“Whenever there is turmoil, mysticism flourishes”, is the introductory line for the Meister Eckhart chapter of Journey to the Heart: Christian Contemplation Through the Centuries, and there’s something in that idea that gives me hope in these tumultuous times. Meister Eckhart had his own tumult in the 14th century. The major Western power (the Holy Roman Empire) was destabilized with difficulties in elections, the Church was in disarray over important theological differences, and disease ravaged the world. It sounds like a really difficult time to have been alive.
Meister Eckhart was born the son of a noble family, and at the age of fifteen, he became a Dominican novice. The title of “Meister” he received in Paris, when he earned his master’s degree at the age of 42. The Inquisition eventually accused him of heresy, but he died before he could defend himself. Make of that what you will. He was, and is, considered one of the most important Christian mystics in the last six hundred years. Many of his teachings are still valuable to Christians seeking a more mystic path in the contemporary era.
Three things hinder us from hearing the Eternal Word. The first is corporeality, the second multiplicity, the third temporality. If a person had passed beyond these three things, [they] would live in eternity, in the spirit, in oneness, and in the vast solitude; and there [they] would hear the eternal word.
Let’s examine these three hindrances..
By ‘corporality’, Eckhart means attachment to the physical world and possessions. When we become unhealthily attached to things and ideas, we feel the need to defend them, which prevents us from experiencing the Eternal Word. He wants us to employ our talents and abilities, but without becoming attached to the outcomes of our work. “Not looking to the past or to future, but I stood in this present moment free and empty according to God’s dearest will”. Free from our attachment to past or future outcomes, we can work God’s will in the present.
Eckhart even cautions attachment to religious things, because of an explosion of “exaggerated religiosity”.
“I am now talking about… all those who are possessively attached to prayer, and fasting, the vigils, and all kinds of exterior exercises and penances… Such people present an outward picture that gives them the name of saints; but inside they are donkeys, for they cannot distinguish divine truth.”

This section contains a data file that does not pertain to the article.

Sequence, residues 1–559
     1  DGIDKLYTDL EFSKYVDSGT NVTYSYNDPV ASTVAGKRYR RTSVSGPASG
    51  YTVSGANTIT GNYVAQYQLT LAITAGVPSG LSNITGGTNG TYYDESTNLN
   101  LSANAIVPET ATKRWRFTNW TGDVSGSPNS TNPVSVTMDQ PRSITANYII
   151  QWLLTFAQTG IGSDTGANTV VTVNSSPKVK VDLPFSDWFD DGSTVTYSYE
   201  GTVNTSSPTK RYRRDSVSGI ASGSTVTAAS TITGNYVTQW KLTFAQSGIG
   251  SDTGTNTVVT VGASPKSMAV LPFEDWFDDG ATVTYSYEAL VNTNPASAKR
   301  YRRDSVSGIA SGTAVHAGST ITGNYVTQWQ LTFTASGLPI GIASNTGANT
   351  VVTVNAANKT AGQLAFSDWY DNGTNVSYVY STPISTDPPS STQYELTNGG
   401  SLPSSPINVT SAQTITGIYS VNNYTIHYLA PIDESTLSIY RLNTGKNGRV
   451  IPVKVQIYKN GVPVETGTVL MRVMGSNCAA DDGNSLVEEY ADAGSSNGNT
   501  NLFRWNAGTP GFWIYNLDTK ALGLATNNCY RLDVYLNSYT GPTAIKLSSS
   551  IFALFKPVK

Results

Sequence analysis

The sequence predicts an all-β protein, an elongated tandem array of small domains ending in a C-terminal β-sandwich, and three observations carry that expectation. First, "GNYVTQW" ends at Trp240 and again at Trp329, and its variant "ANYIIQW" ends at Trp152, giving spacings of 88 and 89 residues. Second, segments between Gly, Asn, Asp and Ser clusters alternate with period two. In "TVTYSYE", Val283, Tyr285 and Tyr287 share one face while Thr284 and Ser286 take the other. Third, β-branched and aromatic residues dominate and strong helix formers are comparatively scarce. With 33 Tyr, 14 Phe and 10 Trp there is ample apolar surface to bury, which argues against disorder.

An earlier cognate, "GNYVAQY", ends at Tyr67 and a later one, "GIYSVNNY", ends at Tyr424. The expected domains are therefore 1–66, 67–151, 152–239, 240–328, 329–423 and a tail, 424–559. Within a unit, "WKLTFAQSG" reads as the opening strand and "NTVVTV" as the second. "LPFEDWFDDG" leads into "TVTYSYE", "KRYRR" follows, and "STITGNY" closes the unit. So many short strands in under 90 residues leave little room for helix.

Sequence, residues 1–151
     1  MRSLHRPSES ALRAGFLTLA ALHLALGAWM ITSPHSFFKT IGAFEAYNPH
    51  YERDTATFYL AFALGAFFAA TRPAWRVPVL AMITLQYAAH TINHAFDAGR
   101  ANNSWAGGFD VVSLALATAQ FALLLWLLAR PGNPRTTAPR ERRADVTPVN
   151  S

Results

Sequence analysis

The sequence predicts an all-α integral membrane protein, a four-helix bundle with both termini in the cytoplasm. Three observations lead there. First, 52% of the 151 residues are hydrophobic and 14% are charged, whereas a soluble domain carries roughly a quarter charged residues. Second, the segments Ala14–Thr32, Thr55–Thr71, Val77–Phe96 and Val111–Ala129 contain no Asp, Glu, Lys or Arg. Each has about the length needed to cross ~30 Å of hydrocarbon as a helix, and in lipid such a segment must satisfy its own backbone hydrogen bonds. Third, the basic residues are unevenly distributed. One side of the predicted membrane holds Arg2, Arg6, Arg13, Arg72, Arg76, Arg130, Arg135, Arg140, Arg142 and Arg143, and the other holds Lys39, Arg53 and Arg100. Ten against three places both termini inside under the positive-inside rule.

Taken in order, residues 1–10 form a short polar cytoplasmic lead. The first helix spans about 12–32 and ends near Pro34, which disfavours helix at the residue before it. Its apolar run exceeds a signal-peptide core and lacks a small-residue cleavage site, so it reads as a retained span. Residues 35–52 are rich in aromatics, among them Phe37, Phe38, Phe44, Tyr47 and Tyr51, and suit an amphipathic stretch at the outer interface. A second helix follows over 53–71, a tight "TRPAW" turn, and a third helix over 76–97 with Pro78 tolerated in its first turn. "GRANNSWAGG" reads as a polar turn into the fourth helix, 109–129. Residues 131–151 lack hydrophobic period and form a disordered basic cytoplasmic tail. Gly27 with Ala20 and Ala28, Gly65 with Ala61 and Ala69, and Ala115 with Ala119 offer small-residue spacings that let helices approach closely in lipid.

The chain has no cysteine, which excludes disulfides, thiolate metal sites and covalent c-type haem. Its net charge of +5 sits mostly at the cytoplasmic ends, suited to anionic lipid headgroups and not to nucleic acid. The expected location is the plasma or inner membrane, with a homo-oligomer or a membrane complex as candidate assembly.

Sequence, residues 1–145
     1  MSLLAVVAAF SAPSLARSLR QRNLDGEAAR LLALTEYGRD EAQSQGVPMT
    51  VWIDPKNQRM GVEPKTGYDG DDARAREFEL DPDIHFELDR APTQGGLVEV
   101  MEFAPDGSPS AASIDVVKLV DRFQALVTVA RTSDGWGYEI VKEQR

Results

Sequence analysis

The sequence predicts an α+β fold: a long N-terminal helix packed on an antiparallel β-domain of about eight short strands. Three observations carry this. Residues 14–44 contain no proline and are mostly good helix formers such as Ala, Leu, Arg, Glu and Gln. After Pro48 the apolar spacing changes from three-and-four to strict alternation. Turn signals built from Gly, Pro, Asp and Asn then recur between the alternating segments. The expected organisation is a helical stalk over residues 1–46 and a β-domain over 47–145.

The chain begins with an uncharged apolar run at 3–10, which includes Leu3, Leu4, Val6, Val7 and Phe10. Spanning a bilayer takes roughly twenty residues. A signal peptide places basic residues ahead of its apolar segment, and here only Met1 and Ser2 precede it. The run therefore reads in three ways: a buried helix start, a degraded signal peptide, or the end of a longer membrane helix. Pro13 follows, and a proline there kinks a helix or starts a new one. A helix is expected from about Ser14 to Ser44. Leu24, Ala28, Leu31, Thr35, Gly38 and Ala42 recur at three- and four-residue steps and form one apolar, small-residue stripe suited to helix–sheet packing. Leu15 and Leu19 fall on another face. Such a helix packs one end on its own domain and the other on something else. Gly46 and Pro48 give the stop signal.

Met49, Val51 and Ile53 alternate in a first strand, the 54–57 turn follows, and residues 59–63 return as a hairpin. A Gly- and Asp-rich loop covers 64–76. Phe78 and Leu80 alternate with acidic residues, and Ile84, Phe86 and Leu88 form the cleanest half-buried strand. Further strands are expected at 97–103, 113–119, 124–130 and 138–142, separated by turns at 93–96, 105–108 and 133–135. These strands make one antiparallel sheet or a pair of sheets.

Eckhart isn’t saying the world doesn’t matter, however. As a panentheist (one who believes the Divine infuses everything), the world itself is sacred and alight with the Divine. However, getting too attached to specific things, ideas, and practices prevents us from seeing the Divine in all things, ideas, and practices.
Meister Eckhart was troubled by the rise of individuality. By ‘multiplicity’, he means seeing each other as separate individuals apart from a whole. It isn’t for Eckhart that individuals can’t have preferences, but it’s when we allow our preferences to override the preference of others, where trouble begins. When we see our preferences as more important, we have set ourselves above those who are equally Loved.
If I loved a person as myself, then whatever happened to [them], good or bad, death or life, I would be as ready for it to happen to me as to [them]. This would be true friendship.
This sounds so foreign to my ears in the hyper-individualistic USA. The hospitals here in Tyler, Tx are full of people who have made their own, individualistic choices. And I’m sickened and heartbroken by it all. I’m very much struggling with how to love people who have refused even the most basic of precautions. But Eckhart, echoing the words of Jesus, calls us to see the vaccinated and unvaccinated (or queer and straight, pro-choice and pro-life, etc) not as two different groups, but as one group infinitely loved by the Divine in equal measure.
The more we can rid ourselves of multiplicity, the easier it is for us to see the face of God. This is a practice; growth, not perfection, is the goal.
Getting rid of temporality, for Meister Eckhart, is about getting rid of all ideas of God. In his sermon 52 he prayed “to God that he make me free from God”, because our ideas of God often the consequences of how we view ourselves. He wants us to move past those projections of ourself to worship the Ground of All Being, which lies beyond the concepts of God we hold dear.
Some people want to see God with their eyes as they see a cow and love him as they love their cow— they love their cow for the milk and cheese and profit it makes the. This is how it is for people who love God for the sake of outward wealth or inward comfort. They do not rightly love God when they love him for their own advantage.
Eckhart calls us to love the Ground of All Being, because we are loved, and not for anything else in return. And for us to have any image or idea of God, even to say God is good, is to limit the Infinite and prioritize our own understanding over the I Am.
This teaching may be difficult for many of us, but I urge us all to sit for awhile in this next week and try and work to let go of our attachments to our possessions, our individuality, and even our concepts of God. Heaven knows, we live in tumultuous enough times.
Grace and Peace to you all.